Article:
शोधकर्ताओं का कहना है कि अगरबत्ती का धुआं सिगरेट के धुएं की तरह है। अगरबत्ती का धुआं कोशिकाओं में जेनेटिक म्‍यूटेशन करता है। इससे कोशिकाओं के डीएनए में बदलाव होता है, जिससे कैंसर होने का खतरा बढ़ जाता है।

अब ज्यादा तो समझ नही आया बस इतना समझ आया कि अगरबत्ती से निकलता धुंआ बेहद नुकसानदायक है.

वैसे पहले गूगल सर्च में कितनी बार पढा है कि अगरबत्ती बनाए खुश्बू के साथ साथ धन भी कमाए या अगरबत्ती बना कर जीवन महकाए  या सफल बिजनेस है अगरबत्ती का … !!!

पर आज वही अगरबत्ती और धुआं  गूगल  पर जब सर्च किया तो वही हैरान कर देने वाली खबर बहुत जगह पढने को मिली… ये तो कभी सोचा ही नही कि ऐसा भी होता है इसलिए तनाव हो गया है फिलहाल तो मैं मणि को सचेत करने जा रही हूं वैसे आप तो ज्यादा धूप बत्ती नही करते होंगें अगर करते हैं तो जरुर सोचिएगा !!

Prayers

Details

http://epaper.navbharattimes.com/details/4486-61408-1.html Via navbharattimes.com

reasons to say NO to agarbattis or incense sticks

शोध के नतीजों के आधार पर फेफड़ों की बीमारी से जूझ रहे लोगों के लिए यह अच्‍छा होगा कि वह धूप के धुंए से बचें। अगरबत्ती और धूपबत्ती को फेफड़ों के कैंसर, ब्रेन ट्यूमर और बच्‍चों के ल्‍यूकेमिया के विकास केसाथ जोड़ा जा रहा है। Via patrika.com

Prayers लेख आपको कैसा लगा जरुर बताईगा !!!

The post Prayers appeared first on Monica Gupta.

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20. Four ways in which policy-makers resolve moral dilemmas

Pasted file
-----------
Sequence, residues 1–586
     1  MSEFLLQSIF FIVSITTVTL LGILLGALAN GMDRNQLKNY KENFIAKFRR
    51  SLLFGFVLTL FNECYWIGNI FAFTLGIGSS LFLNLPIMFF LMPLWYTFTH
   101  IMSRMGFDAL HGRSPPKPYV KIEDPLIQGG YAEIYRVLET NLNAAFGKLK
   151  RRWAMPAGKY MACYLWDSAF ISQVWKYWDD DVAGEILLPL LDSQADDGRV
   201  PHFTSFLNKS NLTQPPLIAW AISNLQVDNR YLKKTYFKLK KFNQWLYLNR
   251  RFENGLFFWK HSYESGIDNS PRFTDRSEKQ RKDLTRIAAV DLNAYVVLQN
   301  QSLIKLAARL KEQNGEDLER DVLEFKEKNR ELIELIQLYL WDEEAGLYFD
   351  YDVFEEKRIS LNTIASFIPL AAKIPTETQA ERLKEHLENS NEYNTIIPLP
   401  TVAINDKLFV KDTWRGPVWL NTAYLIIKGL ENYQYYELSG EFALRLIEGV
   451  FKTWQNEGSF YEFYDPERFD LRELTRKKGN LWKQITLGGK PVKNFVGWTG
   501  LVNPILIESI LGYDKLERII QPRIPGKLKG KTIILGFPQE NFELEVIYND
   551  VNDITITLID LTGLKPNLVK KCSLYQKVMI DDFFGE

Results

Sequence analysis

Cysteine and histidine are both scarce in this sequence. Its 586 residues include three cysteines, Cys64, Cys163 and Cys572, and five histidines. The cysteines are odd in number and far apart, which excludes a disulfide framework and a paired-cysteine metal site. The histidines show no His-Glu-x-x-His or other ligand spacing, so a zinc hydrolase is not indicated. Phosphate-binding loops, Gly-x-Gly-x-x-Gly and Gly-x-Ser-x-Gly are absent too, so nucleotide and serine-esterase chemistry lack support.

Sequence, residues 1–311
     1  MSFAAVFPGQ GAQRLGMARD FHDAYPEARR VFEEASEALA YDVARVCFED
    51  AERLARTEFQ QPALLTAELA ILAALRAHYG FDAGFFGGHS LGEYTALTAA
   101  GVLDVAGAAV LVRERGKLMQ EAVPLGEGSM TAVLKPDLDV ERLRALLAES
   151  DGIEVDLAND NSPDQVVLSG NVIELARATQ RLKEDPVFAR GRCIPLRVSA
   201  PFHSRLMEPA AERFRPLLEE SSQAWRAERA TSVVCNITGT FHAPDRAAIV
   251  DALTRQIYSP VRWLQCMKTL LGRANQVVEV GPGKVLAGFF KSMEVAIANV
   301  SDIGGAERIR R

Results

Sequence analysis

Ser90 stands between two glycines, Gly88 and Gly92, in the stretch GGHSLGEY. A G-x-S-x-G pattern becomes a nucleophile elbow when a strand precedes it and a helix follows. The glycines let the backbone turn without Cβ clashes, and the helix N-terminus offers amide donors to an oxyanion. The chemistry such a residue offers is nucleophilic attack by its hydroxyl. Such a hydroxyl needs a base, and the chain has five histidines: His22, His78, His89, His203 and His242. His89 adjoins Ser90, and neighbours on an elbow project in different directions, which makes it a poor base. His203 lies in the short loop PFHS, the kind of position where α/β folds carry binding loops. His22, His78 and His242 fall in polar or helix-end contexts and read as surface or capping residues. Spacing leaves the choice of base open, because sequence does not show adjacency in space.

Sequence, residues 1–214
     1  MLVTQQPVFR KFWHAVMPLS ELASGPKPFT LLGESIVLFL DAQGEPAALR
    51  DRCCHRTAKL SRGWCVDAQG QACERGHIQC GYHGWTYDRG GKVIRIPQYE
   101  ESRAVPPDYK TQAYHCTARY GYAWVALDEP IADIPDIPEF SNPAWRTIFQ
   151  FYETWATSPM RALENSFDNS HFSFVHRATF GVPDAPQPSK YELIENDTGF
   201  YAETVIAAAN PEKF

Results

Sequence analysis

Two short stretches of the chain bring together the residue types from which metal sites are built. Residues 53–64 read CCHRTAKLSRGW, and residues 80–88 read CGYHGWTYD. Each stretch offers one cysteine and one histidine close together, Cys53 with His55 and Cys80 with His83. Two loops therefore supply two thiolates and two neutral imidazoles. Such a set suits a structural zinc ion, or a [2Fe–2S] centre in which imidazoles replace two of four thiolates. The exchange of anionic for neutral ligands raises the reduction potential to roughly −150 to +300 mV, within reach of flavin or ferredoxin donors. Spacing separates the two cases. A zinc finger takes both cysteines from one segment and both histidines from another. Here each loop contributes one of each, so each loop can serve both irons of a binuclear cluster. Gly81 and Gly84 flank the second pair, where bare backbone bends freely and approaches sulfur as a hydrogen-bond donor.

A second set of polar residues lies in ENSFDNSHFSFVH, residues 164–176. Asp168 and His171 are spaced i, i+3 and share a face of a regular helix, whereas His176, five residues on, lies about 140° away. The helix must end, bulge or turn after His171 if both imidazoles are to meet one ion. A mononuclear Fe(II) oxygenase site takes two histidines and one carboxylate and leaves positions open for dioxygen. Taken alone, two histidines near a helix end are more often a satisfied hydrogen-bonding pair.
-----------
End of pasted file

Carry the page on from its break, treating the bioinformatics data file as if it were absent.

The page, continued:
Moral dilemmas are ubiquitous in modern democratic societies. Can we protect the bodily integrity of women and their unborn children at the same time? How can we protect the free will of adults while at the same time denying them to engage in self-harming activities, like (assisted) suicide or drug use?

The post Four ways in which policy-makers resolve moral dilemmas appeared first on OUPblog.

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21. Library Loot: Fifth Trip in August

New Loot:
  • Magic Mountain by Thomas Mann
  • Winston the Book Wolf by Marni McGee
  • Ding Dong Gorilla by Michelle Robinson
  • Digger and Tom by Sebastien Braun
  • Toot and Pop by Sebastien Braun
  • The Evolution of Calpurnia Tate by Jacqueline Kelly
  • The Curious World of Calpurnia Tate by Jacqueline Kelly
  • Al Capone Does My Shirts by Gennifer Choldenko
  • Kira-Kira by Cynthia Kadohata
  • Elijah of Buxton by Christopher Paul Curtis